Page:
6. LET YOUR ATTORNEY KNOW IF YOU HAVE A BUDGET FOR ATTORNEY’S FEES.
    If you let your attorney know that you do not want to spend more than a certain amount of money, your attorney should be able to help you plan what can be achieved within your budget. You will need to be realistic about both your goals and your budget, but your attorney can help you get the most bang for your buck. For example, not every case needs to conduct depositions, which are very expensive. Ask your attorney about the pros and cons of the strategies suggested to resolve your case, and how much each strategy will cost.
  7. THE MORE YOU FIGHT, THE MORE IT COSTS.
    It does not make sense to spend $525 an hour fighting over who gets to keep the washer and dryer. It would be less expensive and more productive to simply buy a new washer and dryer rather than paying your attorney to fight over the ones you have. Similarly, the “principal” can be very expensive. You may be hurt and reeling over the pain of the divorce and whatever conduct may have lead up to the divorce, but wanting to get a pound of flesh will simply take money out of your pocket and put it in your attorney’s pocket. It would be better to keep the children’s college fund intact than to give the children’s college fund to your attorney in an effort to gain what feels important at the time, but which you will regret when the anger and hurt subside.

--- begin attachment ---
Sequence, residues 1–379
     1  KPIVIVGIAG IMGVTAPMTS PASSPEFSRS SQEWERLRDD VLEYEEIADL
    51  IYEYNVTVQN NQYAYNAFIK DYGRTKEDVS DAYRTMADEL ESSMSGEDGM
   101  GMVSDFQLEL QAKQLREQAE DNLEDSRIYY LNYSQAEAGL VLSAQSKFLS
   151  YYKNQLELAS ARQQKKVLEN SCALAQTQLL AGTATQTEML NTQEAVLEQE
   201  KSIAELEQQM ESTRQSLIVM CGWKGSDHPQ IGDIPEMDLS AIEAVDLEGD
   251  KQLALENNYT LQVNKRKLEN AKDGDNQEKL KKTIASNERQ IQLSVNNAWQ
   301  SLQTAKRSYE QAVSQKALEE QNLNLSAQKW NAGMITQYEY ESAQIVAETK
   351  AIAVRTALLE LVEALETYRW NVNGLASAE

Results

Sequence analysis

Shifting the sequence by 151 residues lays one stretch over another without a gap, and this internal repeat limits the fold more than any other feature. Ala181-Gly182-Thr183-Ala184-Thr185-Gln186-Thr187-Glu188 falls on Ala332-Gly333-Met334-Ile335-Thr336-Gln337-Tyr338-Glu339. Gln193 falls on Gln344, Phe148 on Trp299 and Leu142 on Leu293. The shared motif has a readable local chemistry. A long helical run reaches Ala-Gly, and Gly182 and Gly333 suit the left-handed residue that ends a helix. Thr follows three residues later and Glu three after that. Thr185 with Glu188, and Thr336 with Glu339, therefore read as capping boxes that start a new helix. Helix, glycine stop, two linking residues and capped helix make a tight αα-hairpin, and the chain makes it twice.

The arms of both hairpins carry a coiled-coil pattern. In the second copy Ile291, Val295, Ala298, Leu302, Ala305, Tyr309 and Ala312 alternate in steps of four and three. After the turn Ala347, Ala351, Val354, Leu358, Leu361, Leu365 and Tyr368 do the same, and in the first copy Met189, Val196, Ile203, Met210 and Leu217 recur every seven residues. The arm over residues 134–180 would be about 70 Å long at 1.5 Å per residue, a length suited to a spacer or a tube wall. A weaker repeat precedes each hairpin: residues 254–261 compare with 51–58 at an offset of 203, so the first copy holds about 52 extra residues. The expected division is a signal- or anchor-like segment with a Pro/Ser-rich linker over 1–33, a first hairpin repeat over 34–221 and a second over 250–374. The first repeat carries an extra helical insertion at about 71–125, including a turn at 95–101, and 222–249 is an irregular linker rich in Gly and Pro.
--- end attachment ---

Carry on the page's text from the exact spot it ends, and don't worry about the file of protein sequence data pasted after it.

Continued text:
8. GOING TO COURT COSTS A LOT OF MONEY.
    Make every effort to resolve all of the issues without the court’s intervention. By the time the attorney has prepared for court and spent a day at the courthouse, you will have spent a lot of money. Make sure whatever you are trying to achieve is worth it. There are numerous alternatives to letting the judge decide the outcome of your divorce, all of which will give you more control and a better outcome. Make sure you discuss and explore all alternatives before rushing to the courthouse.
  9. LISTEN TO AND FOLLOW YOUR ATTORNEY’S ADVICE.
    You hired an attorney to help you navigate an emotional situation that is governed by rules and laws and expectations about your conduct. You chose your attorney for her experience to get you through what may be one of the most difficult times of your life. Rely on that experience. You ignore your attorney’s advice at your own peril. Even if your attorney can fix your misstep, it will cost more to do so than it will to conduct yourself with dignity throughout the course of your divorce proceeding. Your attorney knows more than your family members or your neighbors, so make sure you are taking the advice of the one you are paying to give you advice.
  10. YOU ARE IN CONTROL.
    Reality check your goals with your attorney on a regular basis. If you have realistic expectations about the outcome, you can help control the costs. If you have unrealistic expectations, you may incur substantial attorney’s fees without having much hope of achieving those goals.